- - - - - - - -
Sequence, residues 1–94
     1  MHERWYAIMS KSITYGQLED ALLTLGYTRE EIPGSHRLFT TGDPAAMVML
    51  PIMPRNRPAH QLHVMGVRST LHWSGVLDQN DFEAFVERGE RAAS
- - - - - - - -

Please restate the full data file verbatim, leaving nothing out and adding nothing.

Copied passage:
Sequence, residues 1–94
     1  MHERWYAIMS KSITYGQLED ALLTLGYTRE EIPGSHRLFT TGDPAAMVML
    51  PIMPRNRPAH QLHVMGVRST LHWSGVLDQN DFEAFVERGE RAAS